But if one doesn't grasp geometry, think of it as a sequence of multiplication and subtraction.  Multiplying the difference until the last cut and subtracting excess material with each successive cut. One need not understand it to apply it.  (If one had to understand it all few would be using computers, that's fer sure.)

OMG thank yo so much for pointing this out I was about to turn mine into fire wood!! Thinking about it now it makes total sense but after 5 tries on Saturday I was like easy my a#$. I will go out tonight and see if I can finish it up :)

 

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Just now, pkinneb said:

OMG thank yo so much for pointing this out I was about to turn mine into fire wood!! Thinking about it now it makes total sense but after 5 tries on Saturday I was like easy my a#$. I will go out tonight and see if I can finish it up :)

 

Glad I could help.

Something that also helped me was, when putting in the final screw, predrilling it with a countersink so that the screw would go in easily.  First time I did it I couldn't get the screw in far enough and had to remove it, negating my effort.  Reboot. 

I also clamped it before removing it fully from the tracks for screwing.  It's just too difficult for me to get underneath it to put in the screw.  That way the screw can go in straight because you'll be able to control the angle of the screw much better, reducing any minute pulling.

(If you have a pin nailer ...) Also, to get that equidistant point for the adjustment I pin-nailed a scrap piece of oak on the inside of the sled for setting the adjustment.  The pins shot in also pop out easily.  Come to think of it, that might have been a good idea for setting the fence position before putting in the mounting screw.  But, alas, it is done and good.

Hope yours works out well, too.

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5 hours ago, collinb said:

Glad I could help.

Something that also helped me was, when putting in the final screw, predrilling it with a countersink so that the screw would go in easily.  First time I did it I couldn't get the screw in far enough and had to remove it, negating my effort.  Reboot. 

I also clamped it before removing it fully from the tracks for screwing.  It's just too difficult for me to get underneath it to put in the screw.  That way the screw can go in straight because you'll be able to control the angle of the screw much better, reducing any minute pulling.

(If you have a pin nailer ...) Also, to get that equidistant point for the adjustment I pin-nailed a scrap piece of oak on the inside of the sled for setting the adjustment.  The pins shot in also pop out easily.  Come to think of it, that might have been a good idea for setting the fence position before putting in the mounting screw.  But, alas, it is done and good.

Hope yours works out well, too.

Worked great made one set of cuts (the right way) after one adjustment was off .001 over 22" :)

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On 4/6/2016 at 4:31 AM, collinb said:

Get a slide rule. No batteries. 2 digits accuracy. Faster than a calculator for most common operations.

Sent from my MotoE2(4G-LTE) using Tapatalk

I'm in a different age class, but I ALWAYS have my phone at hand. I can't imagine keeping track of a slide rule, much less my pocket protector and bakelite glasses.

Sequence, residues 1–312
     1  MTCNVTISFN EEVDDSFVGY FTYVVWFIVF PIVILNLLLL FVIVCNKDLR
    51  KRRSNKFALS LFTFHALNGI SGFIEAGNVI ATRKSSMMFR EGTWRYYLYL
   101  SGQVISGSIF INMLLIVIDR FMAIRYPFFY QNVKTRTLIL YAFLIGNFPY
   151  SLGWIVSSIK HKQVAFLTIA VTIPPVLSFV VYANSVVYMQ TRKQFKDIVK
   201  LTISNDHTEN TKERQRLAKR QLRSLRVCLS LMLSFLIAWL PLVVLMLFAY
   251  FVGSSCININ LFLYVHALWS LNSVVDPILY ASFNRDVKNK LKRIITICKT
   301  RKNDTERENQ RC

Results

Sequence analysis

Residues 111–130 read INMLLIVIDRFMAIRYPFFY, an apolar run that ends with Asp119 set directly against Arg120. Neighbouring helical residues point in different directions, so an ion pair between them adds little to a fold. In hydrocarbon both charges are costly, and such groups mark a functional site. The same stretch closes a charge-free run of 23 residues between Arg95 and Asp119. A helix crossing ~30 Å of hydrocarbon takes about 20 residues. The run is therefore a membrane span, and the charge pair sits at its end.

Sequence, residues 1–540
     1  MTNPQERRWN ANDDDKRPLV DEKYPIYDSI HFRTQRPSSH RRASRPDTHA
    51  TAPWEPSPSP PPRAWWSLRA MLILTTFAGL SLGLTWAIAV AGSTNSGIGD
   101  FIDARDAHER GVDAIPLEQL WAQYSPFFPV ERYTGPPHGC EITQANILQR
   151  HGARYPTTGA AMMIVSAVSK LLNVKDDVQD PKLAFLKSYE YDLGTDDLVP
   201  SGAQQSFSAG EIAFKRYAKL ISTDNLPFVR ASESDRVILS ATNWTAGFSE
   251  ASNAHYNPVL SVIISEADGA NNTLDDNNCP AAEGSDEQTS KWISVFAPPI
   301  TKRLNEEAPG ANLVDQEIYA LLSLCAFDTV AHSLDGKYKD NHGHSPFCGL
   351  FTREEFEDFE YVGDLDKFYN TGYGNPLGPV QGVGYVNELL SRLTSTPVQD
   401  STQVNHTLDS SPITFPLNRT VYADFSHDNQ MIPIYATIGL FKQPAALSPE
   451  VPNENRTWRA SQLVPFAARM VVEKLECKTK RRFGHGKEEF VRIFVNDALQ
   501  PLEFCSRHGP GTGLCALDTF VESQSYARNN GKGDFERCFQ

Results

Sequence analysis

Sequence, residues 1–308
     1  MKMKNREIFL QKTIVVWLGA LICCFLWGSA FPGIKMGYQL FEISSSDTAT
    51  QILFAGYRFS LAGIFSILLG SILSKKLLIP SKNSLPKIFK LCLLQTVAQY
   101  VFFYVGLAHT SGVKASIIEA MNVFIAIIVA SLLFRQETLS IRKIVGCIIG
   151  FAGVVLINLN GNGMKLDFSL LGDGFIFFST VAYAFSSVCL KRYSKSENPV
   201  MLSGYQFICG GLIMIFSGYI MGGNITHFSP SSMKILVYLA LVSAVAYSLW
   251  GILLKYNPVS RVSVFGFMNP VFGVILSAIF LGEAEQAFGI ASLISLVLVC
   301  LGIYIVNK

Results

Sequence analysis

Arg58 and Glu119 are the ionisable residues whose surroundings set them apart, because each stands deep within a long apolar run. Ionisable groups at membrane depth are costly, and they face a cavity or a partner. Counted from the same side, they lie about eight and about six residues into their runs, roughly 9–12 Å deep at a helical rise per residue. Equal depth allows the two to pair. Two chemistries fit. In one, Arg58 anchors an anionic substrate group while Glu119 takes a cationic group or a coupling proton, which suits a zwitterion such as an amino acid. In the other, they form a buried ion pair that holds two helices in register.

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3 hours ago, PlaneAndDestroy said:

I'm in a different age class, but I ALWAYS have my phone at hand. I can't imagine keeping track of a slide rule, much less my pocket protector and bakelite glasses.

Them's fightin' words . . . :D

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How did I ever get an education with paper flash cards, memorizing the multiplication tables, long hand writing with a fountain pen and, yes, slide rules?

I remember when the first calculators came out like the Texas Instruments SR-10.  If you didn't know how to set up the problem (do you divide or mulitply?), the calculator did you no good.  You got the wrong answer to 9 decimal points.

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8 hours ago, TIODS said:

That's because today they teach you how to take a test and run to an electronic device to solve a problem rather than teach you the actual information you need to solve the problem on your own.  Our education system sucks!

Wait TIODS, tell us how you really feel. :)  Even in the early 70's as a high-school senior I took basic math as an elective since the school system was quite content to let me graduate with really substandard skills in that area.  I lived through the "new math -- oh, never mind we were wrong, go back to the old away" era of education. Thank goodness for college.

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1 hour ago, gee-dub said:

Wait TIODS, tell us how you really feel. :)  Even in the early 70's as a high-school senior I took basic math as an elective since the school system was quite content to let me graduate with really substandard skills in that area.  I lived through the "new math -- oh, never mind we were wrong, go back to the old away" era of education. Thank goodness for college.

Colleges are just as bad if not worse.  Frankly, they're all only interested in money, not education.

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Just now, wtnhighlander said:

We discovered very quickly in middle school that the 'social skills' our son was learning were the kind most likely to get him a mug shot. We went home school, and never turned back. He has learning disabilities, but scored 8% higher on his standardized IQ test after a couple years of home school. If you think home school stigma is bad, try it with a special needs student. Stigma stinks, no matter if the results are good.

Good for you. Impressed. 

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1 minute ago, wtnhighlander said:

Its all my wife, 100%. I'm sure he learns a few things from me ... bad habits, mostly!?

Even with those "bad habits" it's still a far better education that he'd get in any public system!

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it does my heart good to see folks like you and your wife doing the right thing and the best thing for your child, not easy is an understatement, i always knew you were a good man Ross, lets hope the "bad habits" he picks up from you are woodworking